The health authority is currently in the process of recruiting lab staff to increase its capacity.
Nova Scotia is taking a different approach. Students entering the Halifax Grammar School last week may not have noticed the thermal imaging cameras as they walked inside the building, but that was exactly the point.
The cameras, pointed at the two entrances to the independent school, immediately let staff know if a student’s body temperature is running above average.
“What I didn’t want was the anxiety that would come with a [temperature] wand at your head every day,” said Steven Laffoley, headmaster of the Halifax Grammar School.
If someone appears red on the camera, they are sent for a secondary temperature check with a handheld wand and brought to the infirmary if they have a fever.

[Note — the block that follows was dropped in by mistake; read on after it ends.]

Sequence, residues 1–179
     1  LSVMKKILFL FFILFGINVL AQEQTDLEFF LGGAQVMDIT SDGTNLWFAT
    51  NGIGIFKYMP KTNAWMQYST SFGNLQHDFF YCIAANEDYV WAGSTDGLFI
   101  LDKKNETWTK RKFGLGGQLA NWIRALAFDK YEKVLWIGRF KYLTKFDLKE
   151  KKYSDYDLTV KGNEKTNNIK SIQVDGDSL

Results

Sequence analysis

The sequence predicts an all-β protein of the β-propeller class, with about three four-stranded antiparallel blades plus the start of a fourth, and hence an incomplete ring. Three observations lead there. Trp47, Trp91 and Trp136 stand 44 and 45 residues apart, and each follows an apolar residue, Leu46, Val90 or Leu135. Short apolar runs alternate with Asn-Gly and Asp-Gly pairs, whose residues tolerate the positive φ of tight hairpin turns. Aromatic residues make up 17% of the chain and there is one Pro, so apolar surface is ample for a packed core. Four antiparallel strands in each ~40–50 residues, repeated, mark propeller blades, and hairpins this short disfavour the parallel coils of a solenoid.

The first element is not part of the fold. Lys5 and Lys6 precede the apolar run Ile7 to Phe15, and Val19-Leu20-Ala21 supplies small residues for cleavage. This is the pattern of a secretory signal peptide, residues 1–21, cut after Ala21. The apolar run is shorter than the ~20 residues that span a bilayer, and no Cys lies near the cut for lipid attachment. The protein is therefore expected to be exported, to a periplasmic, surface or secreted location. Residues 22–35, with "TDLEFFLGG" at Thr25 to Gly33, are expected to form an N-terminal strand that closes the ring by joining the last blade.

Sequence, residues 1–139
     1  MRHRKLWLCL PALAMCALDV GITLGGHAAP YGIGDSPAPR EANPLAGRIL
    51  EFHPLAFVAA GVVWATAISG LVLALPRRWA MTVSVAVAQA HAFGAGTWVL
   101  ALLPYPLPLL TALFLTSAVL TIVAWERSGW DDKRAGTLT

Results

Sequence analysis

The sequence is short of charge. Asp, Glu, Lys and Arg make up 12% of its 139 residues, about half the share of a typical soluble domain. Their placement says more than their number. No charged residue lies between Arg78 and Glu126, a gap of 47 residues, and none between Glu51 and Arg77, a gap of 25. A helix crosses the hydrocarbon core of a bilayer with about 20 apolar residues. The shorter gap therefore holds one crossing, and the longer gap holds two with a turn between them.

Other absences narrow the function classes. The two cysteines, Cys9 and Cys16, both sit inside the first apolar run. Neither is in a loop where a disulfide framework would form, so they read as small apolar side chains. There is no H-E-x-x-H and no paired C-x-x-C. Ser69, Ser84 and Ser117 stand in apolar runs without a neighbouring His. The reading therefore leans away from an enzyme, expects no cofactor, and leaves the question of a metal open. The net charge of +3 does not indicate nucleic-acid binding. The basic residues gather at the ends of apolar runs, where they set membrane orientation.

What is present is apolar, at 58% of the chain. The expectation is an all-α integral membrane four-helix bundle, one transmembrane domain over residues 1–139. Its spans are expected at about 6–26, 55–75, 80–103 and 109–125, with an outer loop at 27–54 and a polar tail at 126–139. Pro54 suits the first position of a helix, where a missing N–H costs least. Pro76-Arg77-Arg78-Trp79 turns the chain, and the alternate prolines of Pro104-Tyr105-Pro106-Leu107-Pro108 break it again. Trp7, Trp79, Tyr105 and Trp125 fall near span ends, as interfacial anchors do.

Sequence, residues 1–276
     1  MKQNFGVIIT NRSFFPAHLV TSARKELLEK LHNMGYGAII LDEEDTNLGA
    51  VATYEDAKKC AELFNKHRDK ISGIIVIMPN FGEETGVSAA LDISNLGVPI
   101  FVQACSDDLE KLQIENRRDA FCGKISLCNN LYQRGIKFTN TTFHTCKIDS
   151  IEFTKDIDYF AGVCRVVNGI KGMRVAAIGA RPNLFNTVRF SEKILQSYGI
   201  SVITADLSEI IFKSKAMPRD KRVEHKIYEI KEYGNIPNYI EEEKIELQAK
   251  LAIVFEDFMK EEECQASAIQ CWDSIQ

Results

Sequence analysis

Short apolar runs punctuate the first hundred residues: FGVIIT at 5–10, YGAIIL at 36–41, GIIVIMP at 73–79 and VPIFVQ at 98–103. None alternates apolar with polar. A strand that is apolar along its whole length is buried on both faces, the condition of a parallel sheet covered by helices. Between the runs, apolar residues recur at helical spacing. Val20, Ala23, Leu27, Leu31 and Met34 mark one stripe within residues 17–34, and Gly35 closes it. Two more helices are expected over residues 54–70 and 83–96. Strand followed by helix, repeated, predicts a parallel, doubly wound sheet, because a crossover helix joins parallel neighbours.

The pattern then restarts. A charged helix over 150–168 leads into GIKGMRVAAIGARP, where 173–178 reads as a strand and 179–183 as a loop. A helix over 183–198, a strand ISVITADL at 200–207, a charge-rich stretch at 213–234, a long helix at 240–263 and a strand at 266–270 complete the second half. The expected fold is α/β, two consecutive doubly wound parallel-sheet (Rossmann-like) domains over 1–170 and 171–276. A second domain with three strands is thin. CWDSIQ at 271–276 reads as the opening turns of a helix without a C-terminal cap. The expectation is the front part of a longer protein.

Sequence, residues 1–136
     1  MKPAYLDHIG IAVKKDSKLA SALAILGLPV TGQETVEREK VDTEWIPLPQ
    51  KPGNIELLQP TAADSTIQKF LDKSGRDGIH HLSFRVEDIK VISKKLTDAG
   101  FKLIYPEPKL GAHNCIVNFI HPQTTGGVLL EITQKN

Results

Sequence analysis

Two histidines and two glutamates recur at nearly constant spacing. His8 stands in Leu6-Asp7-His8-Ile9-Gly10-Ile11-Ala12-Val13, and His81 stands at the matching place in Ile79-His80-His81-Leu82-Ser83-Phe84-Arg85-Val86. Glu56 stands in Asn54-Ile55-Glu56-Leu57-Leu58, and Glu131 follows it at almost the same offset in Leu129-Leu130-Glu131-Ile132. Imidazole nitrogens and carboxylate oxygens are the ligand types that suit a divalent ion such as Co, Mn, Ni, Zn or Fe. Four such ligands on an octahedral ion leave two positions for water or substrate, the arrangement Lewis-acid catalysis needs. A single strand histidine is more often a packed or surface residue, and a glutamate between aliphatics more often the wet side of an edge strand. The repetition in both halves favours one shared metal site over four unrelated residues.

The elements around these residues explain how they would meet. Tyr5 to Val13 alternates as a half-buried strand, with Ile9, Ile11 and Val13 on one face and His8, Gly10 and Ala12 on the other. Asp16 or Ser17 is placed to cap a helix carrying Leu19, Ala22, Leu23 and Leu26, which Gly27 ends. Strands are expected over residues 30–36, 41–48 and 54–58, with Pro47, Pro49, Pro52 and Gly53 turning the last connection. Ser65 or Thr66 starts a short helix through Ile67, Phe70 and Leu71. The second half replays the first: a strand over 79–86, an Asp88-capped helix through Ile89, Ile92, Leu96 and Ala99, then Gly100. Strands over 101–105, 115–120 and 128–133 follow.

This is just one of the ways that Nova Scotia’s private or independent schools are adding extra measures to protect against COVID-19. Those measures include air purifiers in each classroom, Plexiglas around desks and bringing students outside to learn.
WATCH | It’s time for a ‘different balance’ in handling COVID-19, says Dr. Bonnie Henry:
Here’s what’s happening around the world
According to the tally kept by Johns Hopkins University, the global total of confirmed coronavirus cases is now more than 28.7 million. More than 920,000 people have died, while over 19.4 million have recovered.
India registered a single-day spike of 94,372 new confirmed coronavirus cases, driving the country’s overall tally to 4.75 million. The Health Ministry on Sunday also reported 1,114 deaths in the past 24 hours, taking total fatalities up to 78,586.
Even as infections are growing faster in India than anywhere else in the world, the number of people recovering from the virus has also risen sharply. The country’s recovery rate stands at 77.77 per cent, and nearly 70,000 recoveries have been reported every day in the month of September, according to the Health Ministry.